Our day-to-day lives are busy and unless we are mindful of how we relate to ourselves, it is easy to inadvertently add more pressure to the stress we are carrying.
Neuropsychologist Rick Hanson, Ph.D. reminds us to remember that our nervous systems have evolved to keep us alive, not serene; the animals that survived to pass down their genes were fearful and vigilant - the comparatively zen-like creatures were more likely to become a meal.
Fast-forward several thousand years and the human brain is hardwired with a negativity bias. Scientific studies have demonstrated that the brain generally reacts more to negative stimulus than that to an equally intense positive one; people typically learn faster from pain than pleasure.
In addition to this hardwiring, we have been socialized to use the rational problem-solving mode of mind to tackle all our difficulties. This process of setting a goal, working towards the goal and monitoring whether we are reaching the goal works for issues based in the outer world (e.g. landing the ROVER on Mars). Unfortunately, this process can intensify a difficult emotional state.
So, how does this happen? Let’s say we feel more fatigued at the end of the day than we want. In an effort to alleviate this physical/emotional state and prevent it from happening again, we try to figure-out why we feel fatigued, ESPECIALLY if we have an ostensibly good life where “nothing is really wrong.”
But tension and fatigue aren’t problems that can be solved through critical thinking. Rather they are emotions and body-states to be felt and respected.
Using our habitual problem-solving mind, we attempt to feel better by reminding ourselves that we have good lives and that we do not have a good enough reason to feel fatigued or stressed. In our attempt to feel better, we unintentionally criticize ourselves for feeling this way, which in turn intensifies our level of stress. It is easy to see how we can fall into this cycle.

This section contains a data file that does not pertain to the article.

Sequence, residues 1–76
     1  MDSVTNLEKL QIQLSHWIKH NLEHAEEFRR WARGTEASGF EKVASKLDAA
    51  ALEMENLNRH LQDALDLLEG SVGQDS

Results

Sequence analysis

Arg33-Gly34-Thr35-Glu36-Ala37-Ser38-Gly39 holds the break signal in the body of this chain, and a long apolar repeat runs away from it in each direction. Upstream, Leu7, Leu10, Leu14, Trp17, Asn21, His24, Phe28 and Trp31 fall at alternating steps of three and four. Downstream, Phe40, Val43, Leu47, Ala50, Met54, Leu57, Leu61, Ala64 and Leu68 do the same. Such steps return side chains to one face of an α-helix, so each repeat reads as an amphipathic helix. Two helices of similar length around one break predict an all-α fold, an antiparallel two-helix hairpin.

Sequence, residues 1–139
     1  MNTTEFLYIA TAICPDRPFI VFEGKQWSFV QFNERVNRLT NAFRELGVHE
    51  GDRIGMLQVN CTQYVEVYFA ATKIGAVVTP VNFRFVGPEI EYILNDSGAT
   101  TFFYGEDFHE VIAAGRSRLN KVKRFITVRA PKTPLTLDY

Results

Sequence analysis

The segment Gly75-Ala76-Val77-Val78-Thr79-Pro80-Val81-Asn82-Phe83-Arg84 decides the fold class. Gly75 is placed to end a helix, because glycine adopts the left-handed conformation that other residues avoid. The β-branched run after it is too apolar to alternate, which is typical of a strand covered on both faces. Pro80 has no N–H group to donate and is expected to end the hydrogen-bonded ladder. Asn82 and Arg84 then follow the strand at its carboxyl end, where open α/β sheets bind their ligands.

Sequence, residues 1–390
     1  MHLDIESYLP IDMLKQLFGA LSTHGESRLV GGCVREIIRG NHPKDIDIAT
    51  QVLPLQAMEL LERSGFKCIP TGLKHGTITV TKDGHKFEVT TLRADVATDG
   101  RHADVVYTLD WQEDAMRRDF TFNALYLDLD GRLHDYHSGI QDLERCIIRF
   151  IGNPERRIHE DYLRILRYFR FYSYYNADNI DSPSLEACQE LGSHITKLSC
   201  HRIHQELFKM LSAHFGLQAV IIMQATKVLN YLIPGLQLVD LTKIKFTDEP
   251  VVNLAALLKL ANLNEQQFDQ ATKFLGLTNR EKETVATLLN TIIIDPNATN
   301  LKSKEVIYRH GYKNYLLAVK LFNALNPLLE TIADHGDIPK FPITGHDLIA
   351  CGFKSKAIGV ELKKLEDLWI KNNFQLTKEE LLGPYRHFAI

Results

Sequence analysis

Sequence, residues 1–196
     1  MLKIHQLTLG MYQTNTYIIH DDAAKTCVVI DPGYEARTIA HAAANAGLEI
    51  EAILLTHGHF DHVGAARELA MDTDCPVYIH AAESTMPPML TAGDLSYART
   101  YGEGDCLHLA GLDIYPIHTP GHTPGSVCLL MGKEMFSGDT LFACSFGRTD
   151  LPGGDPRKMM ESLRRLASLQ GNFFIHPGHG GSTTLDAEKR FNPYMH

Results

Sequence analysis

The good news is that our nervous systems also have a sensing mode or being mode of mind, which is the more effective mode of mind to manage our internal state. Like any skill, we are able to intentionally strengthen the being mode of mind with practice.
May is Mental Health Awareness Month - reminding us of the importance of turning inwards and noticing how we are relating to ourselves to manage the stress in our lives as effectively as possible.
Here are some tips to establish mindfulness-based practices using the sensing/being mode of the mind to skillfully manage stress:
Deep Breathing Practice - take deep breaths focusing on long exhalations; a long exhalation signals to the body’s parasympathetic nervous system that it is okay to relax. For example, inhale for a count of three and exhale for a count of six. Repeat.
Savoring Practice - to counteract your brain’s negativity bias, intentionally look for and savor the small pleasant experiences during your day with as much of your senses as possible (feeling soft clothes on your skin, the warm water when showering, the scent and crispy temperature of spring air).
Gratitude Practice - noticing what you are grateful has been proven in many different scientific studies to increase our resilience to stress and increase our happiness. Note of caution - sometimes gratitude practice brings up guilt or self-criticism in the moment; during these times it is best to use another practice.
As we raise awareness for mental health and how our brains function, it is important to remember that any self-care practice has a significant benefit beyond that of the practice itself; mindful self-care is an intentional act of kindness towards the self and any intentional action on your own behalf registers deeply on a neurological level for you. Any time we are active in our own care we feel more empowered, which can increase optimism and happiness, which in turns helps us be more resilient in the face of stress.
Elizabeth Hale-Rose, LCSW, CPC is a licensed clinical social worker and certified life coach at Privé-Swiss Wellness, an award-winning luxury clinical-holistic wellness center, located at 1587 Boston Post Road, Westbrook and 28 Main St., Essex; phone: 860-391-8840; website: www.priveswisswellness.com